A national survey in 2008 by the Pew Forum got America’s Catholic clergy and lay leaders talking. It found that a third of Americans who were raised Catholic had left the church. One in 10 Americans was an ex-Catholic. Ex-Catholics outnumbered converts to Catholicism four to one.
In March 2009 the national American Religious Identification Survey found that between 1990 and 2008 the church’s flock fell from 26.2 percent to 25.1 percent of the total U.S. population, even though roughly half of all immigrants to the United States were Catholic.
The March 2008 Pew survey also found that only 41 percent of all Catholics attend Mass weekly; only 57 percent consider religion important in their lives; only 44 percent believe that abortion should be prohibited in most or all cases; and only 35 percent oppose the death penalty.
Ex-Catholics and lapsed Catholics are a twin reality that cannot be attributed simply to changes in American culture. Many Americans now favor self-styled “spirituality” over “religion.” Old, religion-rooted moral codes are often mocked or worse by the nation’s secular elites.
Still, from sea to shining sea, over the last few decades many Protestant evangelical and Pentecostal churches have boomed with new members, new ministries, new megachurches and new multimedia outlets that reach millions here and abroad.
Cathedral-building American Catholics used to know how to do all that, and more. Despite anti-Catholic laws and a hostile culture featuring Know Nothings, 19th- and early 20th-century Catholic leaders created America’s parish-anchored religious communities. They mastered their own faith-testing times by sympathetically and successively sharing in real-life struggles faced by immigrant, Mass-going Catholic masses, underpaid Catholic urban workers and emerging Catholic suburban middle-class families.
From scratch they built entire Catholic elementary school systems, high schools and universities. Like today’s Catholic leaders, they had their intermittent intramural squabbles over doctrine, politics, finances and ethnic identities; but in public, if not always in private, they normally sounded united on essentials and generally remained charitable toward one another.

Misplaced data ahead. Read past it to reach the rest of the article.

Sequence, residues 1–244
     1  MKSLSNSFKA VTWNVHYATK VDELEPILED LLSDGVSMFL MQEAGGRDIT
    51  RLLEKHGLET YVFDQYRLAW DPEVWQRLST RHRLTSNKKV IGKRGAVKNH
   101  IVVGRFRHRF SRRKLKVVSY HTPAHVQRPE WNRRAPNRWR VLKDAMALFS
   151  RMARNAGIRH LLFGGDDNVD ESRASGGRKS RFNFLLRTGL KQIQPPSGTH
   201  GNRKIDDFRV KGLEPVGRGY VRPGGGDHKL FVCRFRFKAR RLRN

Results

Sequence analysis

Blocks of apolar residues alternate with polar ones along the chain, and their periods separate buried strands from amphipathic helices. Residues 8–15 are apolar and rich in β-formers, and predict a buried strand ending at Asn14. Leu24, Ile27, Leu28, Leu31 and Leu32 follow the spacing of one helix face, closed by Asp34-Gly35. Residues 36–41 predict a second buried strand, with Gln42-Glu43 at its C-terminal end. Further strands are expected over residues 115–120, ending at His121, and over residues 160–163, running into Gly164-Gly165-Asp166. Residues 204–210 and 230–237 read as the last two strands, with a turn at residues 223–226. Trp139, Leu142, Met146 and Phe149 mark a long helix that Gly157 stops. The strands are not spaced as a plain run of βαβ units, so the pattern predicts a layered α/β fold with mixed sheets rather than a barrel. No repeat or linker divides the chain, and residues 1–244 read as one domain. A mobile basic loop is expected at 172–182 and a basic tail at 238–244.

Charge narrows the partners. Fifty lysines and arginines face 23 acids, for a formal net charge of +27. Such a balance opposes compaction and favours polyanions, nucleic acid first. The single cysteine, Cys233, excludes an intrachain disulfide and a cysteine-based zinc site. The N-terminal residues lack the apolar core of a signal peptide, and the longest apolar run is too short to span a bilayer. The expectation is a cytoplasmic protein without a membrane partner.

Today’s American Catholic leaders, both clergy and lay, face challenges their earliest predecessors could not fathom. And for all the criticism Catholic bishops routinely receive, both just and unjust, most do their big executive jobs pretty well.
Still, today’s church is running on institutional fumes and atrophying affinities. No organization, sacred or otherwise, can stem or reverse decline if massive membership and loyalty losses go on for decades. Missing from church leaders’ diagnoses and responses to the crisis is any overarching empirical reality principle.
For instance, over 80 percent of young adult Catholics attend non-Catholic colleges and universities. There are more Catholic undergraduates at Philadelphia’s nonsectarian University of Pennsylvania, for example, than at most of Philadelphia’s Catholic colleges and universities.
So is each diocese rushing Catholic campus ministers to secular colleges and universities, where most college-age Catholics reside—robust outreach operations led by talented religious, bolstered by lay ministers and teeming with spiritual formation and service-learning activities that bring the pro-life, pro-family and pro-poor catechism to life for young adult Catholics? No.
Well, maybe an apostolic team from each of the 28 Jesuit universities is readying to jet in to each nearby secular school? Nope.
The hottest debates over Catholics and education are instead about how “Catholic” this or that Catholic college truly is and whether to allow pro-choice speakers on Catholic campuses.
A December 2008 Pew survey reported that Catholics, by more than three-to-one, think that “behaving like Jesus” and other “actions,” rather than just “relationship with Jesus” and other “beliefs,” determine “who obtains eternal life.”
Amen, I say. And faith-motivated actions, not beliefs or public battles over beliefs, will also determine whether, a generation hence, Catholics figure more or less prominently on the American religious landscape than they do today.